(Editor's note: We posted this article in hopes of generating some discussion about whether the definition of no-till has really changed. What's happening in your region?)
The highly touted no-till farming era has mysteriously failed to materialize, according to University of Illinois agronomist Emerson Nafziger.
Despite the emphasis on the once-revolutionary farming practice in which seeds are drilled into last season’s stubble, Illinois farmers are tilling away.
Nafziger, speaking at a field day here, discussed the phenomenon of changing expectations in Corn Belt farming.
“Thirty years ago, if you listened to the right people back then, we believed all that we would need is a tractor big enough to pull our planter, and that would be the only two pieces of equipment we would have,” he said. “And it didn’t happen. In fact, I suspect we have more horsepower per acre in Illinois now than we did back then.
“We certainly have a lot bigger tractors. And once you get a really big tractor, you have to get something to pull. And the equipment companies have been very happy to make more iron.”
Illinois is regarded as the No. 1 no-till state, in terms of acreage planted. And though many growers consider themselves no-till farmers, the facts belie that, according to Nafziger.
“We don’t have as many tractors as we had, but certainly we have more ability to mechanically disturb the soil now than we’ve ever had before,” he said. “And that seems odd, because we were on the path to do less tillage. Last fall, we did more tillage in Illinois than we’ve ever done in my 30 years here. And we all felt really good about that. There was a pent-up demand to do tillage.”
One reason for the phenomenon is the changing idea of what is no-till, according to Nafziger.
“The other thing that has changed is our definition of no-till,” he said. “Tillage is no longer a practice. It’s how much residue you’ve left on the surface. That’s how it happens that even though I made the statement that we’ve got the ability to till more than ever more, a farmer who says he has no-tilled for 20 years, you look at the field and say, ‘That’s not no-till.’
“You realize you can disk stalks in the fall, you can deep-rip, you can do lots of things and in the spring say, ‘I did that no-till.’ In a way, that’s a good thing, because the dogmatism that you’ve got to slot-till without doing any tillage doesn’t always work.”
Farmers concerned about soil condition have been getting ahead of themselves, often disturbing their soil too much in the fall, Nafziger believes.
“We had fields that were ready to plant in November last fall,” he said. “And what happened this spring? It got to be May 1 and much of Illinois didn’t have the crop planted and they panicked. And they went out there and undid almost all of the good they did the fall before with tillage.”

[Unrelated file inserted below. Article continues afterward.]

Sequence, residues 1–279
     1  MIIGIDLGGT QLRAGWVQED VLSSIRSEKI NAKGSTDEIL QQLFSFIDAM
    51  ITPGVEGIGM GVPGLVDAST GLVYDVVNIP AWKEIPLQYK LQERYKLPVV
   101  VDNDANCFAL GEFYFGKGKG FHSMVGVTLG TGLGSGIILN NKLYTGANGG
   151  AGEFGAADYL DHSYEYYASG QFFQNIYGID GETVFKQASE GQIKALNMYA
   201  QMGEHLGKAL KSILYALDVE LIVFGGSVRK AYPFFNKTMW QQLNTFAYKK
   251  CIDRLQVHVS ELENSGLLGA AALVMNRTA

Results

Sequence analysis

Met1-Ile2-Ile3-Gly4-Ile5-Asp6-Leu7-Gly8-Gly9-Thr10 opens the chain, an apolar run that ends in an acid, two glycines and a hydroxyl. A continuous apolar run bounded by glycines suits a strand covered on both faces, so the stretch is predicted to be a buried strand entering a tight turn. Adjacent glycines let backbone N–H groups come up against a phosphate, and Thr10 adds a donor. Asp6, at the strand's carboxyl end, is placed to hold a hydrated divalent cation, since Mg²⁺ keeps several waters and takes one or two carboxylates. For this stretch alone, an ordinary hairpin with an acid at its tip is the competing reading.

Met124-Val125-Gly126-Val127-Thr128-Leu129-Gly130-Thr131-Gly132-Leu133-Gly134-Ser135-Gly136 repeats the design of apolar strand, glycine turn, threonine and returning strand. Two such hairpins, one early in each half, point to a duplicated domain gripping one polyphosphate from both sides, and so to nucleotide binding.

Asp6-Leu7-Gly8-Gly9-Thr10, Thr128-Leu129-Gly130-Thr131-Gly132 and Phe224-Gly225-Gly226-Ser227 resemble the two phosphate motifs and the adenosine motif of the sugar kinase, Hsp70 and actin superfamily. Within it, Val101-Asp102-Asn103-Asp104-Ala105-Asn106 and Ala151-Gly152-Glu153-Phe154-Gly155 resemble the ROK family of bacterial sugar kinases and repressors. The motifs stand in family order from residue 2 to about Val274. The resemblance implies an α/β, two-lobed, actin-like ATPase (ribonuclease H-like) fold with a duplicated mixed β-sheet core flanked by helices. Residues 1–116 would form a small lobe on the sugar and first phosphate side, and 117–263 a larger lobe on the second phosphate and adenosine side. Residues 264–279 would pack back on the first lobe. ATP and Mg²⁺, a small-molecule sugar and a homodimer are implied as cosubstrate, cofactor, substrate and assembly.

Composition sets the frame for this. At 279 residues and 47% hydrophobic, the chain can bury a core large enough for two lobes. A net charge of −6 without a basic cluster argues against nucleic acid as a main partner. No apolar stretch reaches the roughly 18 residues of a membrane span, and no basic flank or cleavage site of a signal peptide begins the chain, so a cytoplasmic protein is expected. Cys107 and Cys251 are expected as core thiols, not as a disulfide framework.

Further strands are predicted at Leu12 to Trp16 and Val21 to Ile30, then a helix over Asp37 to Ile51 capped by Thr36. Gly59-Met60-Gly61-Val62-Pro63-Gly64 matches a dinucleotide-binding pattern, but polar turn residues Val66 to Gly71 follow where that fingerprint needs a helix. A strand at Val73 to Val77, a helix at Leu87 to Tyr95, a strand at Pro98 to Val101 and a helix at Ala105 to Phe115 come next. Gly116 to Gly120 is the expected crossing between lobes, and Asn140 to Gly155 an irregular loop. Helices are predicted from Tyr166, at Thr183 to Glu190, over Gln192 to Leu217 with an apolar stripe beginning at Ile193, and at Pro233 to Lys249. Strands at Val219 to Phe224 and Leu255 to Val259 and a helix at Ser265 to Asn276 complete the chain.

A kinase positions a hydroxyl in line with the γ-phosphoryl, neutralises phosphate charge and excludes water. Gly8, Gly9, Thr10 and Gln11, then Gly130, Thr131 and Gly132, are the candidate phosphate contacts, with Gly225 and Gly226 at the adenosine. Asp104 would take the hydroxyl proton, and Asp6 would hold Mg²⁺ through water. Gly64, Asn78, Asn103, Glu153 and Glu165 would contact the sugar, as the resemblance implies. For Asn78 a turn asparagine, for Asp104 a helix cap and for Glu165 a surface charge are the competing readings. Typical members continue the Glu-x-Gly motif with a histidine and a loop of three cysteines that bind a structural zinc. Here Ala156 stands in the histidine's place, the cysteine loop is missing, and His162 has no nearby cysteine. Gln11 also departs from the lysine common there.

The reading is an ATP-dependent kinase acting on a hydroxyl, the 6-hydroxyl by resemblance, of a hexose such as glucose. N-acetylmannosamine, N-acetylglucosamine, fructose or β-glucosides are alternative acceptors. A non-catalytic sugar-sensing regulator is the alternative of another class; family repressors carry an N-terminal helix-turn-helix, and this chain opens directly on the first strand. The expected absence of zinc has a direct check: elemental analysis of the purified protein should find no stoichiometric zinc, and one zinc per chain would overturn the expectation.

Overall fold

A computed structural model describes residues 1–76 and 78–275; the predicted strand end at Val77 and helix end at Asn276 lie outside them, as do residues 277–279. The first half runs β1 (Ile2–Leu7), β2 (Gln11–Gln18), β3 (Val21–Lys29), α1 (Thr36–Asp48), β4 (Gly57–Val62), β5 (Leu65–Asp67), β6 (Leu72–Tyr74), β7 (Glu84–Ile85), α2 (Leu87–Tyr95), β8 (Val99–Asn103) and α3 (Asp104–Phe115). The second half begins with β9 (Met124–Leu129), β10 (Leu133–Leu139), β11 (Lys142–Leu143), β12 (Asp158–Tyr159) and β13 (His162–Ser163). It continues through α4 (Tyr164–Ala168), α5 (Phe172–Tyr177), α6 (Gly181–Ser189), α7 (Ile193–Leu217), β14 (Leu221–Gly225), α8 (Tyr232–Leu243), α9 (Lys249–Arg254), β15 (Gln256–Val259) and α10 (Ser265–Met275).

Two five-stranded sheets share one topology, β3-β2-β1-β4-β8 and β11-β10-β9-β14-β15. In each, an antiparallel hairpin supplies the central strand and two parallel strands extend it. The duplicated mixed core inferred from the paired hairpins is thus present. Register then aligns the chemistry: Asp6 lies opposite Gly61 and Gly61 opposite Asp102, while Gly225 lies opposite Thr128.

Farmers may want to consider the effects of tillage on their soil, especially when considering tilling in the fall to produce a good seedbed for the following year.
“The amount of compaction we do in our soils with the heavy equipment we use, it produces compaction in the soil that is never going to be relieved by natural forces,” Nafziger said. “The heavy axle-load of a combine will put compaction to the soils to a depth of 20 inches or more.”
Claypan soils such as those present in southern Illinois are especially subject to compaction. Nafziger said efforts have been made to improve the character of the soil, but they did not “pan” out.
He cited an experiment in which fields were moldboard-plowed at a depth of 36 inches, in an attempt to provide a superior seedbed. The result was less than permanent.
“The experiment ended without a lot of people doing that,” Nafziger said. “What they have found in these soils is, if you disturb that claypan, it seems to reform again.
“I don’t know what we expected this harrow to do. It can only make the soil loose to the depth you’re operating it. It can’t reach down. And it’s not clear that most of the time roots have a big problem.”
He said most farmers who have abandoned no-till in favor of some type of tillage have done so because of reduced stands.
A recently explored option is “vertical tillage,” a form of shallow tillage done at relatively high speeds. Another innovation is “bio-tillage,” which involves the planting of crops — usually a specific radish variety — that make channels in the soil by root growth.
“I really like the term,” Nafziger said. “It means letting something alive do your tillage for you. The idea is to plant them and let them grow deep. We have somebody up there trying it this past fall. I think it’s an interesting idea.”